Let’s use this time of separation and isolation and disruption to imagine a new normal. To think about moving forward to the next best thing, rather than simply going back to how it used to be. To think of new ways to be present and attentive to ourselves and our neighbors; to pray for a new imagination; to seek new patterns of shopping, consumption, and growth; to search for new avenues in which to oppose racism and other evils.
What I’m saying is that maybe there is something about suffering and trial that can make us better able to hear the voice of the Lord – something about painful situations and loss that can help us to lose the bonds that have held us back and be free to move – even in the midst of the fire. How does this happen? When we realize that we are not in the midst of the fire alone – but that God himself is there with us.
Because that is what happens in our story! Nebuchadnezzar himself points out that there is a fourth person in the fire. Now, think about that for a moment. For some reason, God does not prevent the young men from facing the ordeal of the furnace – yet we must note that God does not allow them to go through it alone. God is present with them every step of the way. So much so that when they come out of the furnace, they don’t even smell like smoke!
Beloved, remember that you are not now, and you never will be truly alone. When you feel as though things are so awfully hard to bear, remember that you are not in a position where you are holding them all by yourself. I believe that one of the reasons we have been given this story is that we might be assured by the promise and the presence of the Holy One in the midst of the crucible of suffering.
Why do we remember Shadrach, Meshach, and Abed-nego? Why do we tell these stories to our children? After all, there’s not a person in this room who has been threatened with death in a fiery furnace. We are not in the same situation as those boys, nor as the original hearers of the story.
I would suggest that one of the reasons we tell these stories to the people we love is because we want to remind them – and ourselves, that suffering and death are not the worst things that can happen to us.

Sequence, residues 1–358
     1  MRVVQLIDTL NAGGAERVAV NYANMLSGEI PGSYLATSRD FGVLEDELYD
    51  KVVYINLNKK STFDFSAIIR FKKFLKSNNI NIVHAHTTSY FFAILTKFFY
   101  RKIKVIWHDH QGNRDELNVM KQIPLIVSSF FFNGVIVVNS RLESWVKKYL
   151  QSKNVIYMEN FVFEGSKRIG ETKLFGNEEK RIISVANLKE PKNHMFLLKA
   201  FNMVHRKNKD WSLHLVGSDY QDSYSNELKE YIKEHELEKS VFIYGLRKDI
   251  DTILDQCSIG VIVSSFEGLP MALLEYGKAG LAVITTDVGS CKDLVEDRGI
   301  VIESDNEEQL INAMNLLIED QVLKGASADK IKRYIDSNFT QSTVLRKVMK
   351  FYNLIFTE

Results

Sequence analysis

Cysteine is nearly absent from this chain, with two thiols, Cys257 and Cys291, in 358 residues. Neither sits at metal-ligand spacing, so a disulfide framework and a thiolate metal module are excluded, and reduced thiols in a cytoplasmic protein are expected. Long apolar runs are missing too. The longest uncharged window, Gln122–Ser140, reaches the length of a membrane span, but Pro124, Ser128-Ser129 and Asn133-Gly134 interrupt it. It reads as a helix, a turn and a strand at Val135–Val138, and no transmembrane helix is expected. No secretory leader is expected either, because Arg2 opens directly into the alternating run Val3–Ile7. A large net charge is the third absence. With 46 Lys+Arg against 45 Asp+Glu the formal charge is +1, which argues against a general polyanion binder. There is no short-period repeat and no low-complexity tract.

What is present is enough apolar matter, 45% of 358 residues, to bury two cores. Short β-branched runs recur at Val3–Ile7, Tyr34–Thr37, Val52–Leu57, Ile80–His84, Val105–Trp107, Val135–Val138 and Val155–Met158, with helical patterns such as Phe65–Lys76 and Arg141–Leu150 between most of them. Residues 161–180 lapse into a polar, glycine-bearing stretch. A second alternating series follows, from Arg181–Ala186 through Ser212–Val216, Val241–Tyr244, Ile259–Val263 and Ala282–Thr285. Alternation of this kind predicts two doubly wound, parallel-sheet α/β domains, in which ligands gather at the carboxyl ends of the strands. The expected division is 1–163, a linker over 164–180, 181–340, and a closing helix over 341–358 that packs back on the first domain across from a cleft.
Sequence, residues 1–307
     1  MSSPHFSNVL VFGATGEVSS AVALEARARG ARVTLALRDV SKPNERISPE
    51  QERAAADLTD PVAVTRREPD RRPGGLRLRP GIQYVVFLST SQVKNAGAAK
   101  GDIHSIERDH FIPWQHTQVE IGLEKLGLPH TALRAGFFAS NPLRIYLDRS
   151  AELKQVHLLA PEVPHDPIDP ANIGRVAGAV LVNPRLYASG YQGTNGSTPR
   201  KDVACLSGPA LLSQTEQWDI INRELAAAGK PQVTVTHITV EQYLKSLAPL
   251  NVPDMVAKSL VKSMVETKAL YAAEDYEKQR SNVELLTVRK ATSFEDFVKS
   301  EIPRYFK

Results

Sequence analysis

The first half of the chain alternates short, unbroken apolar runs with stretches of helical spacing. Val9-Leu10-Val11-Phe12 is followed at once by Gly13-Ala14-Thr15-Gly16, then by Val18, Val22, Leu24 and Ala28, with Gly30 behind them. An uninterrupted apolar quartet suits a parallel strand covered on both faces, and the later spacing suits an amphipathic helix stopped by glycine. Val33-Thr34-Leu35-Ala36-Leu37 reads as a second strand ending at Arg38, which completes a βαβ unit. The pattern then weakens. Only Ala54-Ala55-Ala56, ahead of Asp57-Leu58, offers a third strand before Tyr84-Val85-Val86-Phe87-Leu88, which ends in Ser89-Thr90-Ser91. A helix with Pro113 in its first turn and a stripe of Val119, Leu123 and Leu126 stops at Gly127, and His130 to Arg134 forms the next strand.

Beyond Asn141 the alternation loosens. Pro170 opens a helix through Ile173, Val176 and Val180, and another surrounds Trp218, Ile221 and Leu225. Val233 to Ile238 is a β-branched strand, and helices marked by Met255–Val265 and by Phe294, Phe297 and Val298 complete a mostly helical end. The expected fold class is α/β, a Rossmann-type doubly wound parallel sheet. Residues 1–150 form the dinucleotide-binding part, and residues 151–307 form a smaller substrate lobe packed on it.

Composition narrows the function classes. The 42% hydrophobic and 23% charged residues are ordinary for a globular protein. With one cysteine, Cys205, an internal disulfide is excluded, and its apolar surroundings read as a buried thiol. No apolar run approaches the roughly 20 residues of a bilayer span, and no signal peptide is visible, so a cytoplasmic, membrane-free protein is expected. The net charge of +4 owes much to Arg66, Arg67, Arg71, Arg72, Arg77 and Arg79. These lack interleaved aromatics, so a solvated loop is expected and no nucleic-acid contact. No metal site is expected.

When I was a boy, and my mother would go to work as a nurse, there would be times when I would hear her talk about her patients. One day, I remember her saying about a friend, “But what if she doesn’t die? That might be really terrible…” And I remember looking at her as if she were crazy – after all, what could possibly be worse than death? And she read my mind, because she looked at me and said, “You know, David, there are many things worse than dying.”
My mother was right. Giving up is worse than dying. Living a life without purpose or meaning is worse than dying. Refusing to let go of the cords that bind you up is worse than dying.
Are you in the midst of suffering and pain? Can you cry out to God? Can you hold onto God? Will you look for God’s presence in the midst of the furnace that you’re in? Will you remember that your story isn’t finished yet?
I’m told that a bar of steel weighing several pounds is worth, say, $10. If you take that same steel and shape it into several horseshoes, the value rises to $25. Make it into nails, and it’s worth a little more. Fashion it into sewing needles and the value rises to $350. Yet if you take that same amount of steel and fashion it into delicate springs for expensive watches, it’s worth more than $250,000. The same bar of steel is made more valuable by being cut to its proper size, passed through one furnace after another, again and again. It is hammered, beaten, ground, finished, polished, and manipulated until it’s ready for a delicate task.
What about you? Are you being heated, pounded, shaped? You don’t need to run from it, you know. Just look for the One who calls you. Look around the furnace for the one who is faithful. Cry out. Do your part, and trust the One who made you and who is with you still to do the rest. Let us look forward, in hope, to a new kind of normal in the months to come. Thanks be to God, Amen.